In general, the prognosis is good and the dog should be clear of mumps within two weeks after symptoms arise. We need to go to a veterinarian to make the correct diagnosis for our dog and see which treatment options are necessary.
Since mumps in dogs are very contagious to other dogs, we need to separate them until they are no longer infectious. Although humans may be able to give mumps to dogs, there are no documented cases of dogs giving mumps to humans. This may be in part due to the fact humans are regular inoculated against the mumps. There is no such preventive mumps vaccine for dogs.
Since mumps are a rare cause of swelling, we should also look at other possible reasons your dog has lumps on their neck.
Can you treat mumps in dogs with home remedies?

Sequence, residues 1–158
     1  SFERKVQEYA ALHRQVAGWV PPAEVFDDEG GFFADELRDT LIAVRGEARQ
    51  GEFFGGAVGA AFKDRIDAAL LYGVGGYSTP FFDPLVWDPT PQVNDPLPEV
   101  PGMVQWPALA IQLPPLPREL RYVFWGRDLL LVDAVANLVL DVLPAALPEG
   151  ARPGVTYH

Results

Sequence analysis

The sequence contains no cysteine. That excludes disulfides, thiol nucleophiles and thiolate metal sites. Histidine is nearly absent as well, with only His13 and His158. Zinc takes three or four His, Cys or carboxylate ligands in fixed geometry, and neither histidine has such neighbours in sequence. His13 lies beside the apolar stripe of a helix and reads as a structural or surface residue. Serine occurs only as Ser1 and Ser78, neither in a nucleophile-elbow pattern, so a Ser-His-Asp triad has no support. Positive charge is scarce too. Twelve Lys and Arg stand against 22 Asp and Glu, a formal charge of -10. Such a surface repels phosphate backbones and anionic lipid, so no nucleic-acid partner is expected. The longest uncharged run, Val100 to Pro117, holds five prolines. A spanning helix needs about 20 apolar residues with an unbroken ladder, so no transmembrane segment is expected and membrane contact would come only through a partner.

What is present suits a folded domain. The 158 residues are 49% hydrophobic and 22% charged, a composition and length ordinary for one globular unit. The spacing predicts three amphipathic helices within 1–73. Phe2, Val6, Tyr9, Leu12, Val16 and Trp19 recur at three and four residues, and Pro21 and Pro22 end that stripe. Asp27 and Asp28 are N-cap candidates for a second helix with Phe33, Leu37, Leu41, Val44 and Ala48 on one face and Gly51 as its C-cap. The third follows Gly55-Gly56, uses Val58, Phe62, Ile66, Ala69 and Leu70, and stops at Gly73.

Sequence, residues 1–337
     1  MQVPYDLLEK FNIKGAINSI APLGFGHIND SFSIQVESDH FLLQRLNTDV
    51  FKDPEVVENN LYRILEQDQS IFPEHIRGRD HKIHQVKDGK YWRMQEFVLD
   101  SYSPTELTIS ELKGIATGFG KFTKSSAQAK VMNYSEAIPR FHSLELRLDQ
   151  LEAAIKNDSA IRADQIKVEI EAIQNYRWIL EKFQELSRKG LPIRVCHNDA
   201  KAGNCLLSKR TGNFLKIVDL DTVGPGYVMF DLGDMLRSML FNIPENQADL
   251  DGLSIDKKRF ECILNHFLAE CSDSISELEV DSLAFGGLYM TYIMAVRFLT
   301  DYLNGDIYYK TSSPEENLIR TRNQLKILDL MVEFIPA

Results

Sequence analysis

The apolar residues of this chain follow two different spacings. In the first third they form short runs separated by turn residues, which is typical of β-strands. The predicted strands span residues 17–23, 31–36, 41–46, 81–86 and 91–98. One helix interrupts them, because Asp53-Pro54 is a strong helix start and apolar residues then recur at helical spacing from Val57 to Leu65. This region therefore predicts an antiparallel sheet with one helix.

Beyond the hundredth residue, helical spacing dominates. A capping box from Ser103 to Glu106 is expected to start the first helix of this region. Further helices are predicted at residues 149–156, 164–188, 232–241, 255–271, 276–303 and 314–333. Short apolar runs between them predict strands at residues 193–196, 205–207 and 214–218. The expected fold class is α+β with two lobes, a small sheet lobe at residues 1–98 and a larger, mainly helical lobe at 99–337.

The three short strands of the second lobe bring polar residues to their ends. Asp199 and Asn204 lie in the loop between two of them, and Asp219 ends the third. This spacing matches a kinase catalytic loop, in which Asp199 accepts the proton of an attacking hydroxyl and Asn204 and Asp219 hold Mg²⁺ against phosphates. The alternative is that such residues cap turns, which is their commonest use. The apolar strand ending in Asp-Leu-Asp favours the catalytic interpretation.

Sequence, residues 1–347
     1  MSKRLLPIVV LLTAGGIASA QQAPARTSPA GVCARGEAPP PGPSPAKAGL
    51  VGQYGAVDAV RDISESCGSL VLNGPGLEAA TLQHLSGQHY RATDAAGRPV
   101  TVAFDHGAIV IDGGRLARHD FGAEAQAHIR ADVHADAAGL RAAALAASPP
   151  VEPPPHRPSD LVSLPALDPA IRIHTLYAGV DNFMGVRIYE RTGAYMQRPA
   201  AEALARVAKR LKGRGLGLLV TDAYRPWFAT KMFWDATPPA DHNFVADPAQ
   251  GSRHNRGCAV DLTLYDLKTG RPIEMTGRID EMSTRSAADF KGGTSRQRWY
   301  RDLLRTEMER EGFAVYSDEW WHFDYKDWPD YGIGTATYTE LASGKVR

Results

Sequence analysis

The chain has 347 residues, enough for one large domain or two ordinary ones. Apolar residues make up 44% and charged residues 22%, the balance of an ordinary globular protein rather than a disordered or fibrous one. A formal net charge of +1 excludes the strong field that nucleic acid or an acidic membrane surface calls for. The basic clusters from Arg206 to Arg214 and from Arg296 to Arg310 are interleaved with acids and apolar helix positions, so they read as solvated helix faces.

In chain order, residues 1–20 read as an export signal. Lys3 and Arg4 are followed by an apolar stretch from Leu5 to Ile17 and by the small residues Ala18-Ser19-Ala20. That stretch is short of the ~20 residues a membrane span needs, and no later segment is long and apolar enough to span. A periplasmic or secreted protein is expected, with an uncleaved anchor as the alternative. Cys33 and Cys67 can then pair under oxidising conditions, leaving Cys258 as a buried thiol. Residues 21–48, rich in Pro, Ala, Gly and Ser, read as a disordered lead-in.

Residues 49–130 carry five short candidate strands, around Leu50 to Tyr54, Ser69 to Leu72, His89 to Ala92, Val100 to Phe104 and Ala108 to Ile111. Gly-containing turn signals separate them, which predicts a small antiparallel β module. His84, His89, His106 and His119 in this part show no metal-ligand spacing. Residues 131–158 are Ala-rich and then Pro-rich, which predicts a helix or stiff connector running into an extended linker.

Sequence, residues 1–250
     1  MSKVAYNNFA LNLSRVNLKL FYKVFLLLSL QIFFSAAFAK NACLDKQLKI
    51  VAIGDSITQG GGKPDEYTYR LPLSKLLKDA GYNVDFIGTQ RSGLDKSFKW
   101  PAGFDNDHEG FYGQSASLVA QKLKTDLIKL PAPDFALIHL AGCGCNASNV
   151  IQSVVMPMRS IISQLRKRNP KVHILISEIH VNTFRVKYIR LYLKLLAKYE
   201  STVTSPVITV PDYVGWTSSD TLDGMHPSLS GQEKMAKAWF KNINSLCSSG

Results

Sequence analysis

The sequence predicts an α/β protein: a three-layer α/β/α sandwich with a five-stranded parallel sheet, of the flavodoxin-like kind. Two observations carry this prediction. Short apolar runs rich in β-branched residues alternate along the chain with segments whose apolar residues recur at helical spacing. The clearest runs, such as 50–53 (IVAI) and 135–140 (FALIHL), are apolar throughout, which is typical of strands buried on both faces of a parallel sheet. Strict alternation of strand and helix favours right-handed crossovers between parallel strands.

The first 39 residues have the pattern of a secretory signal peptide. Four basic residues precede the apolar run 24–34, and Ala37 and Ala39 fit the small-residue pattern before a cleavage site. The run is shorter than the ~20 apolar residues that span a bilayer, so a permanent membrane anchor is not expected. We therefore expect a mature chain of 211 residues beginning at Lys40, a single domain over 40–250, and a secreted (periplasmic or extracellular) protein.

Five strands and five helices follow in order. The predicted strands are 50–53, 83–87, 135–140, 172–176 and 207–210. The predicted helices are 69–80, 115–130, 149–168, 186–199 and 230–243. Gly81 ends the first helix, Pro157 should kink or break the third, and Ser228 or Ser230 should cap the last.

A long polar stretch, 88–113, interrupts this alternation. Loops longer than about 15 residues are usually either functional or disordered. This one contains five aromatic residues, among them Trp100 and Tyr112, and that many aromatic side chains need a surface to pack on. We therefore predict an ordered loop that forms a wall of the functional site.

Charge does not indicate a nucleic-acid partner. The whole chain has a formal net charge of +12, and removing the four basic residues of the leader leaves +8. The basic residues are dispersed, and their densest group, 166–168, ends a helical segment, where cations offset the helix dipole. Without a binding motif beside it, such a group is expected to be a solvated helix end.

There is no clinical drug to stop the virus and there is no home remedy which can do it either. However, there are things we can do at home which will help the dog manage their symptoms. One helpful tip is to apply cold compresses to the affected swollen area. Some suggest that aloe vera or chamomile might provide anti-inflammatory properties, but there is little clinical evidence to suggest its effectiveness in a topical application.
Any complementary medicine should be approved by your veterinarian before administration. The wrong treatment can be worse than no treatment.
This article is purely informative. AnimalWised does not have the authority to prescribe any veterinary treatment or create a diagnosis. We invite you to take your pet to the veterinarian if they are suffering from any condition or pain.
If you want to read similar articles to Can Dogs Get the Mumps?, we recommend you visit our Viral diseases category.
- Ausina,V., & Moreno, S. (2005). SEIMC Treatise on Infectious Diseases and Clinical Microbiology. Panamericana Medical Publishing House.
- Mumps in dogs. Available at: https://perritoshc.mx/index.php/k2-extra-field-groups/perritos-y-mascotas/item/5589-paperas-en-perros
- Autonomous University of Barcelona. Salivary gland diseases. Available at: https://ddd.uab.cat/pub/llibres/1914-1930/60248/patterespanidom_a1914-1930t2f1r1x2.pdf